But what was put "first," really, was simply the officer's own personal needs to demonstrate his own leadership position, rather than to demonstrate true leadership. (12) Rather than using these meetings as an attempt to 'check in' with those under his command, and to see how they were proceeding in their duties, the individual appeared more interested in dominating the meeting with his own voice and management. Rather than encouraging others to exercise self-discipline and leadership within their own sense of duty and service, to accomplish their tasks, he was interested only in exercising his own leadership over a collective group of autonomous, in his eyes, faceless individuals.
Furthermore, and perhaps most exasperatingly, he never encouraged others to find leadership qualities in themselves, seeking strategies of creative cooperation. (13)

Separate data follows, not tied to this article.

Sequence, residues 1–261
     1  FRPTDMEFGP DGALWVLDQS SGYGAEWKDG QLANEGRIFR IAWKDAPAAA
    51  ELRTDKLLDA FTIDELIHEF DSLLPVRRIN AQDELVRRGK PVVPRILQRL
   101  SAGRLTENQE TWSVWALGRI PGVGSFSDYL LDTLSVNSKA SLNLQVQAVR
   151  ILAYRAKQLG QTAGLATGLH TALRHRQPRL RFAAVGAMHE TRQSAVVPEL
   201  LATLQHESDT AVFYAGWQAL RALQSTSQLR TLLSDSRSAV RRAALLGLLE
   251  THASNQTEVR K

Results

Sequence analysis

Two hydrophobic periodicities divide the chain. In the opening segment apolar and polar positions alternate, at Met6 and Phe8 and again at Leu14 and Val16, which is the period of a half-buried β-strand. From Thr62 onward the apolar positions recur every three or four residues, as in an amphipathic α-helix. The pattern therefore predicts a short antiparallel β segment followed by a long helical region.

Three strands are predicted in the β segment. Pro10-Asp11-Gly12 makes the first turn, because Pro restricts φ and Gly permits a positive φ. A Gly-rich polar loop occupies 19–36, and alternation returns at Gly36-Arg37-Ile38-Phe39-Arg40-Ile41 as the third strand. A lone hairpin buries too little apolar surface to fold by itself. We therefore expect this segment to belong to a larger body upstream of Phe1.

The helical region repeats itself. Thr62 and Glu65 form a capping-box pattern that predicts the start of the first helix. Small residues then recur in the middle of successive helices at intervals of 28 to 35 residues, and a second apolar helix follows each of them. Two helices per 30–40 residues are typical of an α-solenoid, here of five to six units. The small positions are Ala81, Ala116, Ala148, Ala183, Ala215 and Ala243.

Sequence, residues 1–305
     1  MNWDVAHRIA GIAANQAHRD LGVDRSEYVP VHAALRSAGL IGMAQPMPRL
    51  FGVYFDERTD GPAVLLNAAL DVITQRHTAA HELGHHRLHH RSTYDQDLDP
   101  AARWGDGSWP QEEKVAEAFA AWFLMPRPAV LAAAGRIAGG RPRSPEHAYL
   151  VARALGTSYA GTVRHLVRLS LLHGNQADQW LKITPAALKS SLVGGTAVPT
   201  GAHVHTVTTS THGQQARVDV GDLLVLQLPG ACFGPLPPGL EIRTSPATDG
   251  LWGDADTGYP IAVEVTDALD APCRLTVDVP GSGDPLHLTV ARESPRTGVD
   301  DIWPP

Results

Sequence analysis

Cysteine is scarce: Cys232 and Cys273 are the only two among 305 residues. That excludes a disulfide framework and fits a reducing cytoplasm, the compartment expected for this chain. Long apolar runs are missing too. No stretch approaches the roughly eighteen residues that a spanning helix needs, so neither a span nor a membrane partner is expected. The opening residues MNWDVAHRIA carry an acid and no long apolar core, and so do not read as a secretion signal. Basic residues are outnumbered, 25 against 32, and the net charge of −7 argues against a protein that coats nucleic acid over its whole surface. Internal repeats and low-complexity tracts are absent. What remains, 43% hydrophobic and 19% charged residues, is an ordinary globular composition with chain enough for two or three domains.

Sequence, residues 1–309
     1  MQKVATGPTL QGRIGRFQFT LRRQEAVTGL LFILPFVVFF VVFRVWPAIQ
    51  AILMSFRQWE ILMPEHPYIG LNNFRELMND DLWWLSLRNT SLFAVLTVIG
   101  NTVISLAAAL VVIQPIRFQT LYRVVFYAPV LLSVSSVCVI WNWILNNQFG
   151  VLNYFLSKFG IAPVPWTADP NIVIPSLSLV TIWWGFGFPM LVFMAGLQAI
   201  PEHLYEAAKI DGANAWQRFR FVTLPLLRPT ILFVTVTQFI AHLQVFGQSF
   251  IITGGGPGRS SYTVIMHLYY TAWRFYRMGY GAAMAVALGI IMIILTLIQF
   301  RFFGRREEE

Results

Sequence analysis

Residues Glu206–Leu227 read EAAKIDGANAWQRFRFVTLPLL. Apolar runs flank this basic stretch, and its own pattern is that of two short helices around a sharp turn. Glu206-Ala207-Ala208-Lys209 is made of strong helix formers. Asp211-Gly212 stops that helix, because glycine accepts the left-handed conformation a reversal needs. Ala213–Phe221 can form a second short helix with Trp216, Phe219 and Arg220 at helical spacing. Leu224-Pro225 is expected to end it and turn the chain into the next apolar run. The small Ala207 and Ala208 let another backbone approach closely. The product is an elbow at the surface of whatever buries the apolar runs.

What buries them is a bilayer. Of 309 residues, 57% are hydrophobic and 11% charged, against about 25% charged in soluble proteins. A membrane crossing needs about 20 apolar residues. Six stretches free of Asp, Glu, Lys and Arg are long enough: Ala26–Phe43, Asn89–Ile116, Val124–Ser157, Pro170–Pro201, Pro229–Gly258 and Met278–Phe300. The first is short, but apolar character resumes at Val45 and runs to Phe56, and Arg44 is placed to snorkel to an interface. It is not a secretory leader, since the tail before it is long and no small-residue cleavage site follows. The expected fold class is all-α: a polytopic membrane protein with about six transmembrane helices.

In Covey's terms, this officer encouraged only dependence in others, never interdependence with other members assigned to the same duties, or even a sense of autonomy and self-fulfillment. He never gave confidence of others, perhaps because he was too afraid to relax in his own role as a leader, because he had no confidence in himself as a leader. The end result, alas, was micromanagement and a poor execution of leadership and a poor execution of the tasks required by all members under his guidance.
Micromanagement hurts not only the individuals under the officer's command. It also hurts the ship as a whole, because a refusal to delegate…
Sources Used in Documents:
Covey, Stephen R. Seven Habits of Highly Effective People. New York: Simon and Schuster, 1999.